Guiding Light of The Month

Tell me, wilt Thou grant me the marvellous power to give birth to this dawn in expectant hearts, to awaken the consciousness of men to Thy sublime presence, and in this bare and sorrowful world awaken a little of Thy true Paradise? What happiness, what riches, what terrestrial powers can equal this wonderful gift! - The Mother

Walking in Light

In this issue of our newsletter, we examine some of the other causes of fat accumulation in the body and how weight gain and loss is to a great extent, in our hands, in our life-style.
There are a few other causes of weight gain besides over-consumption of calories-rich food coupled with a sedentary life-style. Hormonal imbalance in the body has been often cited as a possible cause of weight gain. Conditions such as hypothyroidism, Cushing’s syndrome and polycystic overy syndrome are some examples of conditions resulting from hormonal imbalance. In the case of hypothyroidism, the thyroid glands fail to produce sufficient levels of thyroxin, resulting in a lowered metabolic rate. A low metabolic rate results in less expenditure of energy, and hence a slowed rate at which fats are burnt, leading to an increased rate of accumulation of fats. In the case of Cushing’s syndrome, the body tissues are subject to a prolonged exposure to the hormone cortisol. This results in fat accumulations in the upper part of the body, while the hands and legs thin over a period. Polycystic ovary syndrome refers to the presence of increased levels of the male hormone, androgen in the female, characterised also by missed menstrual cycles and occasionally, with multiple cysts in the ovaries.
The consumption of certain types of drugs also contribute to weight gain. These drugs belong to groups such as steroids and anti-depressants. Medications for psychiatric disorders and seizures also contribute towards weight gain, according to some studies. The drugs affect bodily functions by either slowing down the rate of metabolism and hence the rate at which calories are burnt or stimulate appetite or cause increased water retention in the body, all of which contribute to weight gain.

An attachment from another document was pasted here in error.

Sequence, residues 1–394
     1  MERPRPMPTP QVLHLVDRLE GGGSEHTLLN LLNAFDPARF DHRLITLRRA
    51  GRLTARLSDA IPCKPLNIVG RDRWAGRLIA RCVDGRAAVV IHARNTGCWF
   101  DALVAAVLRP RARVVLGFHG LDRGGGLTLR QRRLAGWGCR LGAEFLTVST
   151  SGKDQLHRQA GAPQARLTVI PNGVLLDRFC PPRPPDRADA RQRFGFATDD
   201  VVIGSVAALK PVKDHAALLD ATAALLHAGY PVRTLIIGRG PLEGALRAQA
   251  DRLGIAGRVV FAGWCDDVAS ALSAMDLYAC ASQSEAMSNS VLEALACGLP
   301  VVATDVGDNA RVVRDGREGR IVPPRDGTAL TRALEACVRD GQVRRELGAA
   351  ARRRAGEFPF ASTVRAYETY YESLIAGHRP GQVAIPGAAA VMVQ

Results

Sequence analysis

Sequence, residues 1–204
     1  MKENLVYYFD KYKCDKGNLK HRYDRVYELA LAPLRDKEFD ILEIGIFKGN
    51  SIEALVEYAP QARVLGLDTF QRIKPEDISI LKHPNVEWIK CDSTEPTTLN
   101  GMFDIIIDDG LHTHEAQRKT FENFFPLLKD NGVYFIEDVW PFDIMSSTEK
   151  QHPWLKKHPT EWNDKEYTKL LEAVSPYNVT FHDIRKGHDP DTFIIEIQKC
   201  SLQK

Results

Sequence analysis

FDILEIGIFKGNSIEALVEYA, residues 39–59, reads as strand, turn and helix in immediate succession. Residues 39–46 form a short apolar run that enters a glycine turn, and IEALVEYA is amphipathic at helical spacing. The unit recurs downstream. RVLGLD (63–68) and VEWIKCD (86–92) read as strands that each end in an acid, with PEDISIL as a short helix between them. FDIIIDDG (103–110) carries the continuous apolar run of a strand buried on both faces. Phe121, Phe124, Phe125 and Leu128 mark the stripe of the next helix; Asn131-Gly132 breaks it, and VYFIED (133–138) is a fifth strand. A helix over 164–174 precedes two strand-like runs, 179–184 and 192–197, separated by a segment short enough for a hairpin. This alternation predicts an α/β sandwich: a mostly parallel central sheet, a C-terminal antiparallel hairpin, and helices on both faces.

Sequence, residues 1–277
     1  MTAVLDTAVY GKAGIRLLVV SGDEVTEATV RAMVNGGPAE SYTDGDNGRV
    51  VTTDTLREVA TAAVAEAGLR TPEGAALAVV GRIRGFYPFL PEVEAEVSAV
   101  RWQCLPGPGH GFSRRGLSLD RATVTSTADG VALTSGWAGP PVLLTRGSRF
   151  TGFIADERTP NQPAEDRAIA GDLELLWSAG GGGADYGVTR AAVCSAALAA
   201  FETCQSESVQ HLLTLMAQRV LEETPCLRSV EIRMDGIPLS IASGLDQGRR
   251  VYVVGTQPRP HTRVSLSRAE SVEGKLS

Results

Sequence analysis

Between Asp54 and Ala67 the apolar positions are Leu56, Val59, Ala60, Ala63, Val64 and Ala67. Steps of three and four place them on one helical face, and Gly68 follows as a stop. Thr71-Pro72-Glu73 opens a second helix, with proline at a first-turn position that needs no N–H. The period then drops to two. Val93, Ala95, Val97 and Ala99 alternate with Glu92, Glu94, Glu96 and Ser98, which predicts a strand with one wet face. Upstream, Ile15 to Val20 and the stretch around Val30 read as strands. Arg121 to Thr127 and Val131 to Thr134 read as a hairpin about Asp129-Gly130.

Lack of sleep as well as hereditary factors have also been related with weight gain.

While some of these factors that contribute to weight gain may be more difficult for an individual to control, such as hereditary factors, very often weight gain can be attributed to life-style practices. Life-style is something we form for ourselves over time. The element of choice is there and hence, control and therefore, hope. Here are some questions that could get us to think about our calories gain and expenditure:
• Do I opt out of cooking my own food, preferring to eat out often?
• Do I consume large meals and high-fat foods?
• Do I put taste and convenience above healthy food?
• Do I involve myself in sufficient physical activities?
• Do I opt to drive than walk to places?
• Do I consume soft-drinks often?
• Do I snack often on high-fat food?
• Do I consume high quantities of alcohol?
The effort of losing weight or maintaining one’s weight at a healthy level is one that requires, as in all other endeavour, a clearly defined goal or aim along that line, a constant aspiration to reach one’s goal and lots of discipline in following a healthy regime towards a healthy Body Mass Index. A healthy BMI contributes to a healthy body that can fulfil wonders in the plane of physical existence. - Jayanthy

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